Center for Teaching, Learning and Design
OER and the CTLD
The CTLD is committed to assisting instructors in adopting, adapting, and creating OER in their courses. Instructors who are involved in a development cycle have the opportunity to work with an instructional design professional to search for and vet OER before being guided through the process of implementing the OER. Learn more about the process by reading the steps below.
Learning about OER
The first step on any OER journey is learning about OER. It is helpful to understand open licenses and other background information before jumping into finding and implementing OER. Instructors in a development cycle will have access to the CTLD OER Hub on Canvas, which has useful information and links to prepare and assist instructors throughout the OER process. An instructional designer will also be there every step of the way, guiding instructors and making recommendations.
The next step along the path is doing some research into OER in a specific field. It is good to get a lay of the land and begin finding resources that could work for the course. This could mean finding a textbook to replace the current commercial text, a video to incorporate into a lesson, or activities to enhance student engagement with the material. It could even be a combination of various resources used for any purpose that suits the course’s needs and the instructor. During this step, instructors are expected to treat OER as any other resource they would consider using in their course, which means it will take some time to evaluate the found materials.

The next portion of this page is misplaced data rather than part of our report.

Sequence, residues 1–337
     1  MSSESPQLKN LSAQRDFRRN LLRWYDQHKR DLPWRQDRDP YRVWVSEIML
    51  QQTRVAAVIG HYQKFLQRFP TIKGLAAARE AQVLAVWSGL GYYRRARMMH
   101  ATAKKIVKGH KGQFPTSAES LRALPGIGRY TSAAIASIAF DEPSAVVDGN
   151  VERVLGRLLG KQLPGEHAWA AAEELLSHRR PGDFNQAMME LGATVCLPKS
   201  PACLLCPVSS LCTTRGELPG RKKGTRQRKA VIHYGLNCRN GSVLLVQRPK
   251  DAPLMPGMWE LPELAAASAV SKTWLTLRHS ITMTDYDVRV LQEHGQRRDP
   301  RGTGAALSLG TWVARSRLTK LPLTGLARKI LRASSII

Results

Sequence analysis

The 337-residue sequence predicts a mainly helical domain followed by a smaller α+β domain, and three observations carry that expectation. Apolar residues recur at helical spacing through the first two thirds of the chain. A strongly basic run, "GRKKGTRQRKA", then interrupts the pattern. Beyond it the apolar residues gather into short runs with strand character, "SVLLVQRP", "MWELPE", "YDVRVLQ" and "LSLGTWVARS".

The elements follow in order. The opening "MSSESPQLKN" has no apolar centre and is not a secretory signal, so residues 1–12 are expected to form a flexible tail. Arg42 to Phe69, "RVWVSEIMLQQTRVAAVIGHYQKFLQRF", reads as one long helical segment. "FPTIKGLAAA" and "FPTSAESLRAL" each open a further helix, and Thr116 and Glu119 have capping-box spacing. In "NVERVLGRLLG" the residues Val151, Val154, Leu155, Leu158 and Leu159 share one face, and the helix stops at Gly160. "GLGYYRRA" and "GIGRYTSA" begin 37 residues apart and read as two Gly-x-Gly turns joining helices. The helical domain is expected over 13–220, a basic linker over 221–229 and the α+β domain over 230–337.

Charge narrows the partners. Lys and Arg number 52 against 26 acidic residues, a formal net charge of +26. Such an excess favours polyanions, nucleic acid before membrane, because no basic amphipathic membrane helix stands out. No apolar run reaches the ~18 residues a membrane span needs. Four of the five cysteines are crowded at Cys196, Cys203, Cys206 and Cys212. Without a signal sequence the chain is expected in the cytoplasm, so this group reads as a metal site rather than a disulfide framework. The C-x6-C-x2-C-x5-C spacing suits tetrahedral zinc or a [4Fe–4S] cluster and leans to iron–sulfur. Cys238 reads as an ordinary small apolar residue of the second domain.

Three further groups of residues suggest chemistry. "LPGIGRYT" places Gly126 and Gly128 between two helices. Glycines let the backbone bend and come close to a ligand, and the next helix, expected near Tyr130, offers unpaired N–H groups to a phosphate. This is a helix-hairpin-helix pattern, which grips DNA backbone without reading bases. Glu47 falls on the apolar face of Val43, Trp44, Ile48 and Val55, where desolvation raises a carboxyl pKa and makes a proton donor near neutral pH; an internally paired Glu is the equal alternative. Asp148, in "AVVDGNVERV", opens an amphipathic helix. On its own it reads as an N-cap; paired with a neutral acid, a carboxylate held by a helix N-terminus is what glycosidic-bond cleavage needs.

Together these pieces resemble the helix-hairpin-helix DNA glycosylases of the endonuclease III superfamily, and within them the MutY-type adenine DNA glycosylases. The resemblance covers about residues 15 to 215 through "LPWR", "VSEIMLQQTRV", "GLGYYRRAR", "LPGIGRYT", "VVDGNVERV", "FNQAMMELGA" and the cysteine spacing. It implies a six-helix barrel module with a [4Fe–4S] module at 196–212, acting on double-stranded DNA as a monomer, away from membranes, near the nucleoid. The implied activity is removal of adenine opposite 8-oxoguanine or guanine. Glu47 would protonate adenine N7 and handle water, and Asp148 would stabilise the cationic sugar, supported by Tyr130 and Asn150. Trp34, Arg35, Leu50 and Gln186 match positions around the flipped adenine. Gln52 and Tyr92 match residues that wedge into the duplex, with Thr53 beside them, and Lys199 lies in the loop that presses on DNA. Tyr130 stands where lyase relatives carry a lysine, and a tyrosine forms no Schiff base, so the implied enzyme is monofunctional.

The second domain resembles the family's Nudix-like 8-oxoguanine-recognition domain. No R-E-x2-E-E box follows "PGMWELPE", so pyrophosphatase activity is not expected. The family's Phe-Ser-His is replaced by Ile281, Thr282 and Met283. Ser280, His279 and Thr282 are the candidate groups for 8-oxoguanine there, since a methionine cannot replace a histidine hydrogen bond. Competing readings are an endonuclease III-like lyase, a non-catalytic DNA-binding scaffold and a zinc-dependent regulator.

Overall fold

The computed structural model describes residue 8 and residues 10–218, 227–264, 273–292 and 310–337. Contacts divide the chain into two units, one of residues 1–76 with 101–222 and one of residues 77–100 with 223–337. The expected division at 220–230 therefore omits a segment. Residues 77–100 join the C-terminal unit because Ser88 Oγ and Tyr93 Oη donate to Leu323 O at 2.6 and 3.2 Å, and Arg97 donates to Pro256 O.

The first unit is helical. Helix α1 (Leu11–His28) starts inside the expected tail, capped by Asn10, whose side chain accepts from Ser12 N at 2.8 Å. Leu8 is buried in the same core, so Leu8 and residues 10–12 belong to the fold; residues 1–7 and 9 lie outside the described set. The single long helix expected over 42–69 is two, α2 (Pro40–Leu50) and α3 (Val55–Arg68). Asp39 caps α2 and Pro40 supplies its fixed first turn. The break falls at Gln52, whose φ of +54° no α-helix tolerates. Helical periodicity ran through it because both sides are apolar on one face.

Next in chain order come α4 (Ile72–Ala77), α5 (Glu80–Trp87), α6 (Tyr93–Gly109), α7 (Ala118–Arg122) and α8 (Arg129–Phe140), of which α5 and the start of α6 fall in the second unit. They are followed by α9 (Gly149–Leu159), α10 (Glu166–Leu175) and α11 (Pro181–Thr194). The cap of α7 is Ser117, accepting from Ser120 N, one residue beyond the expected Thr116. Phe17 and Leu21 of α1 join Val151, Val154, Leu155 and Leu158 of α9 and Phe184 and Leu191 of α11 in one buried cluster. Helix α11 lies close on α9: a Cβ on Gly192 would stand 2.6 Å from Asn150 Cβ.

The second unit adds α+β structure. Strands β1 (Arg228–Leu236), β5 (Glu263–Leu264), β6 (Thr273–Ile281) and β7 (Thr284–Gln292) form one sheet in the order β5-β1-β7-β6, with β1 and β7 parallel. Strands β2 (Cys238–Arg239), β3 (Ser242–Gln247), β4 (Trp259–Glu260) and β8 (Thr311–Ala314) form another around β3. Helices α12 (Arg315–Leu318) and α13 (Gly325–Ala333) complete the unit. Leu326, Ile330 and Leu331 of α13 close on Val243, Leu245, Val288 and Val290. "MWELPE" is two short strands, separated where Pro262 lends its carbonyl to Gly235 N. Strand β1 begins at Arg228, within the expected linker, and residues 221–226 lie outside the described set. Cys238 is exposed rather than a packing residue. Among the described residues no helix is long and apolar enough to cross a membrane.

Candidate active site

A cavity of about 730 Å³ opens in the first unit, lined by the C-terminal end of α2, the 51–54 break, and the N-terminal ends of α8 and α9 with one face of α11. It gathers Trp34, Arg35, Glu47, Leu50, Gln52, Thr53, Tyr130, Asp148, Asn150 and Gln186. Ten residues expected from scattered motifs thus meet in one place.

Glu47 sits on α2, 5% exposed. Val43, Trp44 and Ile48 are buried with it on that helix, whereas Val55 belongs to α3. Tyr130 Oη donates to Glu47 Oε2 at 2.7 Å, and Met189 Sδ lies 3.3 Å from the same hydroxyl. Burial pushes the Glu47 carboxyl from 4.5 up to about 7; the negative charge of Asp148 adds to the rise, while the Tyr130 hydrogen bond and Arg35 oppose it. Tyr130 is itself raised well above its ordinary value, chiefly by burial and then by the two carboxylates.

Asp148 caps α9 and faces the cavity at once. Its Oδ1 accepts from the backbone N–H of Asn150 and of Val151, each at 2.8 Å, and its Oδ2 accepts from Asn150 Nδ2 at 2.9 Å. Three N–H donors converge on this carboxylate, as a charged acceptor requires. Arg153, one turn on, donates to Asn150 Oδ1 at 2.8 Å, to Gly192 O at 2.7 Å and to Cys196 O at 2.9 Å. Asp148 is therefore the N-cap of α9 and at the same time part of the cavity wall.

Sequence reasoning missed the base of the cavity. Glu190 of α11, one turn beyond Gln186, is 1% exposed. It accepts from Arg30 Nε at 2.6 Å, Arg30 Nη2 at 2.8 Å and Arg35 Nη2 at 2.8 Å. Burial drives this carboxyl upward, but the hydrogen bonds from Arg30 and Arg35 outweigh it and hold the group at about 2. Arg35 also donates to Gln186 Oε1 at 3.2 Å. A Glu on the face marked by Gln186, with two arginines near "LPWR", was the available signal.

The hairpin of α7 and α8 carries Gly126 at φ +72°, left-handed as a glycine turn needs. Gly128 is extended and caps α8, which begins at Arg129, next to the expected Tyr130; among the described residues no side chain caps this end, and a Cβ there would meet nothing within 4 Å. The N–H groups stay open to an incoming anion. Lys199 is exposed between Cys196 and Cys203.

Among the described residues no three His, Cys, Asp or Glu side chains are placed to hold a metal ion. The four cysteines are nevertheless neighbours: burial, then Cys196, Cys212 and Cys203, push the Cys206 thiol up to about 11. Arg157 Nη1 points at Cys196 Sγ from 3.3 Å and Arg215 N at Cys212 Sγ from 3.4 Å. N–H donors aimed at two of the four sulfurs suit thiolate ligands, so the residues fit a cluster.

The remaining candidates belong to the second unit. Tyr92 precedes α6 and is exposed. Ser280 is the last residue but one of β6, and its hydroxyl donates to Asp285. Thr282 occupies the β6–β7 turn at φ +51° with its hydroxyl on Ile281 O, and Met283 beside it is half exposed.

After finding an OER, the next step is determining how to implement the material into the course. Some of this decision will be led by the licensing provisions associated with the resource. The rest is up to the instructor who is developing the course. This instructor will consider how they want to use the resource and consider recommendations from an instructional designer. Some resources may need to be converted to new formats, modified for accessibility, or otherwise tailored to the instructor’s specific needs.
If no suitable OER is found, instructors also have the opportunity to create something new and share it with others as an OER. An instructional designer will be there to guide this process and provide the necessary resources.
To read more about OERs in general, please visit our main OER page.